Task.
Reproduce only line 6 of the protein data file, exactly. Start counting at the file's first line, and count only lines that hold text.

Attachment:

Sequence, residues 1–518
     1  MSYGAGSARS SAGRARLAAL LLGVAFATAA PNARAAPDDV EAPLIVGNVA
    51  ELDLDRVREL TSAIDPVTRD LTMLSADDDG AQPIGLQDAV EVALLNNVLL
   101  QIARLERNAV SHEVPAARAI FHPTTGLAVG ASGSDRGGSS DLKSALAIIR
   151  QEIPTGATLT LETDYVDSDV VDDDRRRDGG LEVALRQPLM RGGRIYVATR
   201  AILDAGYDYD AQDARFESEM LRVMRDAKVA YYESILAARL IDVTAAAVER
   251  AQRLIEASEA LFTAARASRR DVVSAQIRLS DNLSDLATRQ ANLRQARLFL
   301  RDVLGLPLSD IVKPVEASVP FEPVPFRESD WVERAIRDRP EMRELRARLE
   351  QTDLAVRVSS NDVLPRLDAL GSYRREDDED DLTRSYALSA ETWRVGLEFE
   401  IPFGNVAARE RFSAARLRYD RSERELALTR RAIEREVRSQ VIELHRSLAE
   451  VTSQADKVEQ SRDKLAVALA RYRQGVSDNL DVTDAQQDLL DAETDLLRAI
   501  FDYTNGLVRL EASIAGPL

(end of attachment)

   201  AILDAGYDYD AQDARFESEM LRVMRDAKVA YYESILAARL IDVTAAAVER